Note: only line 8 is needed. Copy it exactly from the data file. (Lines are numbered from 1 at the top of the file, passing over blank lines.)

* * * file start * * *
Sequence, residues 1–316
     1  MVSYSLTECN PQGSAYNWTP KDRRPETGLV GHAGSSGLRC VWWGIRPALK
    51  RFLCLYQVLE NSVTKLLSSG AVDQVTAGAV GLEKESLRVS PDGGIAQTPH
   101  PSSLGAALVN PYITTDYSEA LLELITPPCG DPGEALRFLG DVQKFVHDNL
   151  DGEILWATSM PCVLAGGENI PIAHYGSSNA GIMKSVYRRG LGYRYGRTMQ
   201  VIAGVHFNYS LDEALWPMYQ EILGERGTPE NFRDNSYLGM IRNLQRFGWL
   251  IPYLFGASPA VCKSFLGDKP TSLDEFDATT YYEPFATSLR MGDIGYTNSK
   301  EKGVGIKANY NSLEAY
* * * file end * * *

   301  EKGVGIKANY NSLEAY